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Comic Review: Peter Panzerfaust #2

019

Words: Kurtis Wiebe

Pictures: Tyler Jenkins

Apparently what I referred to as a rooster call in my previous review of issue #1, they refer to as a wolf call.

The story takes place immediately after the last. Peter having run head on into a group of Nazis has them pinned at gunpoint. He calls for his lost boys who proceed to take their weapons, knock them unconscious, and find a letter telling them about some British soldiers that were being held hostage. Peter and the other boys decide to take the opportunity to save them and earn their way onto the soldiers escape boats.

The following rescue attempt is equal parts Saving Private Ryan and Indiana Jones with just a hint of Tintin’s visual sense. This is the time for the other boys to really shine. When Peter first liberated them, they were just a band of otherwise persona-less kids. They still are not all that differentiated, but they finally get things to do. They come up with their own comebacks, they take action, and they even question Peter’s leadership. It is a good start, and one of them really gets a chance to shine. Felix, who is given the job of covering the team with a rifle, decides to take some initiative and dispose of the mounted machine gun guarding the front of the German’s post.  It results in a big explosion that even takes the Lost Boys by surprise and ends with him triumphantly standing over a Nazi soldier like a true badass.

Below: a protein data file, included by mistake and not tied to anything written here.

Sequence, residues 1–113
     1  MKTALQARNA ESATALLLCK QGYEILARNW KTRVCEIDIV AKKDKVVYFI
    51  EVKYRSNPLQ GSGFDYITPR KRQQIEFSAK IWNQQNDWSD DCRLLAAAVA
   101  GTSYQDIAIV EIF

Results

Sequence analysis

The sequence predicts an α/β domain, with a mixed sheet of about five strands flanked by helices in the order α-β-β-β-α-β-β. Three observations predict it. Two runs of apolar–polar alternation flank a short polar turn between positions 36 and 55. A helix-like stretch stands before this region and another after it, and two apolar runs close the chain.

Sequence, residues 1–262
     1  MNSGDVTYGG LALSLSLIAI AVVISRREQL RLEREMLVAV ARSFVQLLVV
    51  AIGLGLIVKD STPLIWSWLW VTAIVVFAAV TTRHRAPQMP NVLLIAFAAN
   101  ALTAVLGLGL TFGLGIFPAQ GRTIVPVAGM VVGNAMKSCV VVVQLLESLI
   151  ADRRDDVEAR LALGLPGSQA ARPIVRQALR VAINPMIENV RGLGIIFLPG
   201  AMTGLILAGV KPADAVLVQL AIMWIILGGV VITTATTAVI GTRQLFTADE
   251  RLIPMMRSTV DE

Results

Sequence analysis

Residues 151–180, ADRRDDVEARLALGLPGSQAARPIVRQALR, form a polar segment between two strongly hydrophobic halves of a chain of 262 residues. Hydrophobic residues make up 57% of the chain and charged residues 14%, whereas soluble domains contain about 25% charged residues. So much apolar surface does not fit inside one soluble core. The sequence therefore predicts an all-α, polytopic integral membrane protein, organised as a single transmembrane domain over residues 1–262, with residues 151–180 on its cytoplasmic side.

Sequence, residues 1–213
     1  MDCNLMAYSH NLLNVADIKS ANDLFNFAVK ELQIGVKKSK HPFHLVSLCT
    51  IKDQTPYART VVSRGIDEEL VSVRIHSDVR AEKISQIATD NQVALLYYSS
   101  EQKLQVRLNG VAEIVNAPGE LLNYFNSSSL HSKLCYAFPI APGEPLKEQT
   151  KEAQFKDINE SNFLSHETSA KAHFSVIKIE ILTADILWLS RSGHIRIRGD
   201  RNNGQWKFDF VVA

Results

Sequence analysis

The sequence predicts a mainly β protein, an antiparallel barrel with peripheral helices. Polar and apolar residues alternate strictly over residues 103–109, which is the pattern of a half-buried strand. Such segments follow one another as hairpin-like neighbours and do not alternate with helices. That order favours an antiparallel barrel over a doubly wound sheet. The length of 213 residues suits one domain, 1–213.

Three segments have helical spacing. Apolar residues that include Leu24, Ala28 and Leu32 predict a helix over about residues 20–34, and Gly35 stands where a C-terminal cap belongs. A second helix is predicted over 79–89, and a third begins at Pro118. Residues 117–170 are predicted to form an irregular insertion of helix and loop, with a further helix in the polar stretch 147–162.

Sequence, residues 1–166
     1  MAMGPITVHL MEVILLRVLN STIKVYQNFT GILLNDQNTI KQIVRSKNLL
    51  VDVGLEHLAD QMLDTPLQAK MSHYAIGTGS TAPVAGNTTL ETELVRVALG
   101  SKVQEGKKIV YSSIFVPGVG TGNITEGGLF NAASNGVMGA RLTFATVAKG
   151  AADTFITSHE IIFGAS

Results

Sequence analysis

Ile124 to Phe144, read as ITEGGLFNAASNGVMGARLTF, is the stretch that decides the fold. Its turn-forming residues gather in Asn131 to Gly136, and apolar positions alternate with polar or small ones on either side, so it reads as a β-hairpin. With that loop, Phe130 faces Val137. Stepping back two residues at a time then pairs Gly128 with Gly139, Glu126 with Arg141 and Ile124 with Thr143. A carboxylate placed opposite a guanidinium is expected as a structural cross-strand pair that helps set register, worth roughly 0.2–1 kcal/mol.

There was a part of me that thought that it was a bit much, but then I remembered that these guys are Nazis. They have been genre fiction’s and comic books’ go-to “red shirts” since the Allies won WWII. Once you figure that out, you notice how Peter brings out the best in them. When one of them wants to take off, Peter tells him he is free to do so, but his help is very appreciative. His charm draws them in, and his bravery is rubbing off on them.  The action is swift and dazzling. It is full of explosions and gunplay, but it also as its fair share of espionage and stealth maneuvers.

While I do really think that narration is overused in the comic book medium, Peter Panzerfaust #1 really took advantage of it. It was brief, poetic, and passionate. The framing device of older Tootles interview is still there, but it is only used in the first scenes and last scenes. This certainly gives more panel time for the cast to click and the action to take center stage, but that prose really added something to the underlying fairy tale retelling.

Regardless, Peter Panzerfaust #2 is an enjoyable read. One I would definitely recommend. It is missing the magic of the first issue, but it is a thrill ride adventure story in a marketplace that doesn’t seem interested in that form of ld fashioned pulp ficition.

Rating: 8/10

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